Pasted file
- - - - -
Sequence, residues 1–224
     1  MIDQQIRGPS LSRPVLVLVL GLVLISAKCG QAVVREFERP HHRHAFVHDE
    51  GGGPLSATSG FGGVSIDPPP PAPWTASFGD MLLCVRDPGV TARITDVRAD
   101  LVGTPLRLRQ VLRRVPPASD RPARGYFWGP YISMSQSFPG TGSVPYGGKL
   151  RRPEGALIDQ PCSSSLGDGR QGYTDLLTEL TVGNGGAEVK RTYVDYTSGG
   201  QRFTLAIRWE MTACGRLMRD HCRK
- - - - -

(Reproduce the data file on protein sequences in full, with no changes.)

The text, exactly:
Sequence, residues 1–224
     1  MIDQQIRGPS LSRPVLVLVL GLVLISAKCG QAVVREFERP HHRHAFVHDE
    51  GGGPLSATSG FGGVSIDPPP PAPWTASFGD MLLCVRDPGV TARITDVRAD
   101  LVGTPLRLRQ VLRRVPPASD RPARGYFWGP YISMSQSFPG TGSVPYGGKL
   151  RRPEGALIDQ PCSSSLGDGR QGYTDLLTEL TVGNGGAEVK RTYVDYTSGG
   201  QRFTLAIRWE MTACGRLMRD HCRK